Why let them sit with water in them? Why not just wash them out with soap and water, and a kitchen scrub brush? It only takes a few seconds. The important thing is to soak the exterior so you can remove the label, or run the label under hot water so it can be removed easily and thoroughly. The jars can't be recycled with the labels still on them. The recycle trucks only take them to the town dump if the labels aren't removed. Maybe it depends on what kind of recycle facility each city has, but most require removal of the labels.
Reply With Quote Quick reply to this message
 
Old 08-11-2012, 07:53 PM
 
3,647 posts, read 4,748,176 times
Reputation: 5786
Love SouthCarolinaGranny's approach. I use it too, although on a much smaller scale. My family always washed and saved jars and I do also. Some of the make pretty containers for dried mixes, little cookies, etc. at Christmas.

I can just see the vegetable soup sitting in a large Maxwell House instant coffee jar in the refrigerator when I was little. I have some jars in my refrigerator right now with leftovers.

Here's a cute story to end on. My father always cut up the onions and celery for the Thanksgiving dressing the night before. How did he measure? Filling up quart Maxwell House instant coffee jars.
Reply With Quote Quick reply to this message
 
Old 08-11-2012, 08:51 PM
 
2,737 posts, read 4,323,886 times
Reputation: 1785
Our city doesn't allow glass in the recycling, and I'm not willing to burn the gas necessary to take it to a recycling plant. So the obvious happens...
Reply With Quote Quick reply to this message
 
Old 08-12-2012, 09:23 AM
 
Location: East Coast
2,898 posts, read 4,569,893 times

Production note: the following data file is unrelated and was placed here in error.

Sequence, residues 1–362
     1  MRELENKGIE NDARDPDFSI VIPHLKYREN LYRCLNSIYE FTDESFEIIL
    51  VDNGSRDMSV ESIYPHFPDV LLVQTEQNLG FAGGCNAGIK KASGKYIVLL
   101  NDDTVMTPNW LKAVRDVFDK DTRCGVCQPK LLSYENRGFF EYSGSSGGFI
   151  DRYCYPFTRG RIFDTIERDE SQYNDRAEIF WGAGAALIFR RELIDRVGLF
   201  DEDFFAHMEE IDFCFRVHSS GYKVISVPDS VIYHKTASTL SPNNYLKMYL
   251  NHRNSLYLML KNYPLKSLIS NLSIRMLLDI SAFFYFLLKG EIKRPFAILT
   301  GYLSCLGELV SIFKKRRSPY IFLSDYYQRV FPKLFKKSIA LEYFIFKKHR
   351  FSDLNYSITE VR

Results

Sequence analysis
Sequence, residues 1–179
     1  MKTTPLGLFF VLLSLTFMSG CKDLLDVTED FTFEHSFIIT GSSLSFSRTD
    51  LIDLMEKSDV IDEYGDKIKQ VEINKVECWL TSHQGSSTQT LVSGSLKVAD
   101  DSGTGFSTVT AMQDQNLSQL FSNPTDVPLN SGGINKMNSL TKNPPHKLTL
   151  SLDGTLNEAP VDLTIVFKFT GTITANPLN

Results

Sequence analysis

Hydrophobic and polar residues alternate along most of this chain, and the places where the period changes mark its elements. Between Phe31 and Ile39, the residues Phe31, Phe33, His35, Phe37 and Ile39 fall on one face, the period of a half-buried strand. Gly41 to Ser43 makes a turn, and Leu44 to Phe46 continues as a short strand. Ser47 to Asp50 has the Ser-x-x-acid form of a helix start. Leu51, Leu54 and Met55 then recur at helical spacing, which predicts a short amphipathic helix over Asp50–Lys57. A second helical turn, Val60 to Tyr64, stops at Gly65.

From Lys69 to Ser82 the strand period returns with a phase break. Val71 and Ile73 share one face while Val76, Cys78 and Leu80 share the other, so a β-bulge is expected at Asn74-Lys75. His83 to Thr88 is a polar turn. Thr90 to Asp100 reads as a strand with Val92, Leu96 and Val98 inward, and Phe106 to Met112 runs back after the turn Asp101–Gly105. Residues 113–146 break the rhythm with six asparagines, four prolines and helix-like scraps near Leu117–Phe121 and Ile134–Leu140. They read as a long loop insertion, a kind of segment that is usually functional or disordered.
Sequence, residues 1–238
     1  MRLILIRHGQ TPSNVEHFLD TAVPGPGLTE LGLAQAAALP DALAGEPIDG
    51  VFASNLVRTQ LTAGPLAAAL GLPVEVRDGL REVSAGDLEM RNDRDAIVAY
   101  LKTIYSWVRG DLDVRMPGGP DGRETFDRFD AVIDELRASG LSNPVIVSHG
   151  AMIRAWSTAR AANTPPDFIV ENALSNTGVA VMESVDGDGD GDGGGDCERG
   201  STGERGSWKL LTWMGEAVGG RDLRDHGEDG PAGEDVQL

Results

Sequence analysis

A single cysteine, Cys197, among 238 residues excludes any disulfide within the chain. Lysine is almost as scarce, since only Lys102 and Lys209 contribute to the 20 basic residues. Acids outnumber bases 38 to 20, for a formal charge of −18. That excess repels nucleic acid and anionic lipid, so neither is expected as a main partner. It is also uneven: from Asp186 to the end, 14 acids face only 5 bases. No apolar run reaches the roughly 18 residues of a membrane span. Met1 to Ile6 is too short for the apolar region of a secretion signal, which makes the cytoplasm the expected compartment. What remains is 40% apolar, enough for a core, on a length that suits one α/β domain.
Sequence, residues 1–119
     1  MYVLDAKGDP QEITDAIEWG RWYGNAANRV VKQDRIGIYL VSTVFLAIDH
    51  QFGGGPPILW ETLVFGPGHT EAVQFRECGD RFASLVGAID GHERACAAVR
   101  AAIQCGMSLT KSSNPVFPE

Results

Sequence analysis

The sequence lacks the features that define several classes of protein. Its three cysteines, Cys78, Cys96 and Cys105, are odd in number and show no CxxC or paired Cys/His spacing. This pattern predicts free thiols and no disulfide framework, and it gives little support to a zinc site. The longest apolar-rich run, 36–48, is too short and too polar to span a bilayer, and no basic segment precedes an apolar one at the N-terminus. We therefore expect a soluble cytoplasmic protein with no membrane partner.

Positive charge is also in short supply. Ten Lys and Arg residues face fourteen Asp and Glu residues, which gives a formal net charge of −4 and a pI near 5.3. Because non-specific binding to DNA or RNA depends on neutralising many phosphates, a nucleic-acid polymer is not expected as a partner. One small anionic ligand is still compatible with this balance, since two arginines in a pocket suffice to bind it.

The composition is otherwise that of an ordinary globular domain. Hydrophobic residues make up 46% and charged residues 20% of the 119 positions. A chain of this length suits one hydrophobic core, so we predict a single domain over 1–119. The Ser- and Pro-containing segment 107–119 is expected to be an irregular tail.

Reputation: 4280
Quote:
Originally Posted by Big George View Post
Our city doesn't allow glass in the recycling, and I'm not willing to burn the gas necessary to take it to a recycling plant. So the obvious happens...
I'm so sorry to hear this about your city. Would it be worth it to set up a "glass-pool" to the recycling plant with a couple of neighbors?

Quote:
Glass is one of the few materials that can be recycled infinitely without losing strength, purity or quality.
Glass Recycling - Earth911.com
Reply With Quote Quick reply to this message
Please register to post and access all features of our very popular forum. It is free and quick. Over $68,000 in prizes has already been given out to active posters on our forum. Additional giveaways are planned.

Detailed information about all U.S. cities, counties, and zip codes on our site: City-data.com.


Reply
Please update this thread with any new information or opinions. This open thread is still read by thousands of people, so we encourage all additional points of view.

Quick Reply
Message:

Over $104,000 in prizes was already given out to active posters on our forum and additional giveaways are planned!

Go Back   City-Data Forum > General Forums > Green Living
Similar Threads
Follow City-Data.com founder on our Forum or

All times are GMT -6. The time now is 04:40 PM.

2005-2019, Advameg, Inc. · Please obey Forum Rules · Terms of Use and Privacy Policy · Bug Bounty

City-Data.com - Archive 1, 2, 3, 4, 5, 6, 7, 8, 9, 10, 11, 12, 13, 14, 15, 16, 17, 18, 19, 20, 21, 22, 23, 24, 25, 26, 27, 28, 29, 30, 31, 32, 33, 34, 35 - Top